Disruptive innovation in higher education

From Clayton M. Christensen, Michael B. Horn, Louis Caldera, and Louis Soares:

Disruptive innovation is the process by which a sector that has previously served only a limited few, because its products and services were complicated, expensive, and inaccessible, is transformed into one whose products and services are simple, affordable, and convenient and serves many no matter their wealth or expertise…

Changing circumstances mandate that we shift the focus of higher education policy away from how to enable more students to afford higher education to how we can make a quality postsecondary education affordable…

The challenge before the country also mandates a new definition of quality from the perspective of students — so that the education is valuable to them and that through it they improve their lives and thus improve the country’s fortunes, too…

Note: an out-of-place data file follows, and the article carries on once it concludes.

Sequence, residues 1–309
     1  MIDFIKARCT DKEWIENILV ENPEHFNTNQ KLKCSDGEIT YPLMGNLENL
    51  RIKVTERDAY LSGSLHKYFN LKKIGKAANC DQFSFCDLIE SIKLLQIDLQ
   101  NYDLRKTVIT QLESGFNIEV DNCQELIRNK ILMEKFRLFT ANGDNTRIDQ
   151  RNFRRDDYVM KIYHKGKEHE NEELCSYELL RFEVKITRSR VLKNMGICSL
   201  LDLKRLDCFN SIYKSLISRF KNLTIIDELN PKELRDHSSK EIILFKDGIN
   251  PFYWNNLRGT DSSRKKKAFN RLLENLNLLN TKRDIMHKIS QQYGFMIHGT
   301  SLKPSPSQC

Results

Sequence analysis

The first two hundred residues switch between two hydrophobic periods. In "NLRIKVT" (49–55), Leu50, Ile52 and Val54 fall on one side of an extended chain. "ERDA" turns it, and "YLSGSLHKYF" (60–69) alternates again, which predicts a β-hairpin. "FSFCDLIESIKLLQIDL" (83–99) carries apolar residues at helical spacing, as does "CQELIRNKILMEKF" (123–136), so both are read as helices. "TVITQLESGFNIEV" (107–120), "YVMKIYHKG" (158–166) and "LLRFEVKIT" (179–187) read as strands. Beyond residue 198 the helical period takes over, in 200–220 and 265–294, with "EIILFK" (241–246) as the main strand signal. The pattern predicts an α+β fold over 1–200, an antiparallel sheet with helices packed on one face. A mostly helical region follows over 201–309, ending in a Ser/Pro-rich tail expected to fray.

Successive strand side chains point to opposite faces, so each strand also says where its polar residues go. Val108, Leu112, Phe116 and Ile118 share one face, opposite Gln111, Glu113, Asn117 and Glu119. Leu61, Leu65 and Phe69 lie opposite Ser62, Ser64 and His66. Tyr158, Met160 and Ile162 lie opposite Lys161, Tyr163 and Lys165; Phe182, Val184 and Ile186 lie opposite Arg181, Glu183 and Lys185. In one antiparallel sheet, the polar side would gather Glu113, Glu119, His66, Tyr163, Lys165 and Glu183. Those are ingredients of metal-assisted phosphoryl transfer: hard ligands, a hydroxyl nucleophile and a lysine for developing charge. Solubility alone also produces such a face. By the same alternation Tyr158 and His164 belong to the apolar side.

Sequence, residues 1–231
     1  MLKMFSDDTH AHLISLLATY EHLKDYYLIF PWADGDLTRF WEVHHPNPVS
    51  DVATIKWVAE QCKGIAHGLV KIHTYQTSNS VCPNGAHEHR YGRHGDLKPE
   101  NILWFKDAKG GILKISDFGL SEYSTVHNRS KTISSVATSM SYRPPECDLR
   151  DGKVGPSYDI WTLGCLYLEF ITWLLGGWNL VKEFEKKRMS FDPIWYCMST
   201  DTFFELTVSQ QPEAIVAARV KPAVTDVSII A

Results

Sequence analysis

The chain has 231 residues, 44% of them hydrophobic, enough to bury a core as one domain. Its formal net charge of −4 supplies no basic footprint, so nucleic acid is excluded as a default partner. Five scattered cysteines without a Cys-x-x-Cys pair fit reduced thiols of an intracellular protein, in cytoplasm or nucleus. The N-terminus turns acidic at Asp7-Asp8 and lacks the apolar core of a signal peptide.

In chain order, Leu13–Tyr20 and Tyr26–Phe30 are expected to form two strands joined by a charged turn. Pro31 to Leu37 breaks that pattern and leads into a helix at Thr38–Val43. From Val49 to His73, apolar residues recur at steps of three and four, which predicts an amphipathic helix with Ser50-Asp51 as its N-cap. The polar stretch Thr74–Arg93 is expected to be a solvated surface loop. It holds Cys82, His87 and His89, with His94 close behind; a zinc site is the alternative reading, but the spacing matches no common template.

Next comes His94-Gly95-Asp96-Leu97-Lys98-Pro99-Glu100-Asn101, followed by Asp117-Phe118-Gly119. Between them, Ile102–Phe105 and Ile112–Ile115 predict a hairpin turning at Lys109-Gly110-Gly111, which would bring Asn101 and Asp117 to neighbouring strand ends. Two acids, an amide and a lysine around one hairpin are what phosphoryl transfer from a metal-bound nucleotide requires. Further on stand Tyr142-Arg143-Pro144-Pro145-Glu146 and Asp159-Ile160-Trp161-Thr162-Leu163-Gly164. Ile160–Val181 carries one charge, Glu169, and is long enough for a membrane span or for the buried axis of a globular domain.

Degrees are a proxy for skill attainment, but they are far from a perfect one, as seen in the amount of retraining that employers do as well as the current unemployment figures. Real outcomes and real mastery—as often shown in work portfolios for example—are more important…

It is critical to promote new, autonomous business models that have the freedom to re-imagine higher education. Policymakers should not frame the disruptive players as threats, and instead see them as opportunities to bring affordable education to more people.

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